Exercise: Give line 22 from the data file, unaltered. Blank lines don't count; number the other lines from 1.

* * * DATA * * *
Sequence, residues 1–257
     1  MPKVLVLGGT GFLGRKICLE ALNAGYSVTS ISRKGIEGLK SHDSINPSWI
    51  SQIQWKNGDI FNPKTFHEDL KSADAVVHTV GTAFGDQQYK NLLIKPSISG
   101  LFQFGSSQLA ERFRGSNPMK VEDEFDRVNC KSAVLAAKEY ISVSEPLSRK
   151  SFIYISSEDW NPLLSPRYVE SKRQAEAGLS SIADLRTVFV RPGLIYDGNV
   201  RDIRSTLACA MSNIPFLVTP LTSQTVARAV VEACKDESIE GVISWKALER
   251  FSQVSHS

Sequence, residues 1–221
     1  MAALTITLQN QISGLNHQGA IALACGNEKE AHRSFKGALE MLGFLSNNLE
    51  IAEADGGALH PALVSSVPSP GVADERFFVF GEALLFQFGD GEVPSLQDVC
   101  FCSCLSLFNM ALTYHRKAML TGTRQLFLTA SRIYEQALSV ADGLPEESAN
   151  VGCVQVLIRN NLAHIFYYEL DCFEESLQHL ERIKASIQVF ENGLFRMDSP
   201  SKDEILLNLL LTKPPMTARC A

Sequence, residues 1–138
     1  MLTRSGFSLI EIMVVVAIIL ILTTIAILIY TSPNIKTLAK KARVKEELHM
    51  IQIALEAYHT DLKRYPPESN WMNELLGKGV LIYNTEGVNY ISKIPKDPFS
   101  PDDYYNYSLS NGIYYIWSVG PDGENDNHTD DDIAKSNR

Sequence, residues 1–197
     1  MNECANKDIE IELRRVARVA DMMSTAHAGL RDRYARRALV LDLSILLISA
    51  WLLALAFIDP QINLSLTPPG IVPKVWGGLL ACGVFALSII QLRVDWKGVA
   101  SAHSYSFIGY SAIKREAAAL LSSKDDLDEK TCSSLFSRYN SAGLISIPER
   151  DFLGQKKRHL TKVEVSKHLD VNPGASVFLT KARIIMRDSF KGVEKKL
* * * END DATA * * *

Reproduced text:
   151  DFLGQKKRHL TKVEVSKHLD VNPGASVFLT KARIIMRDSF KGVEKKL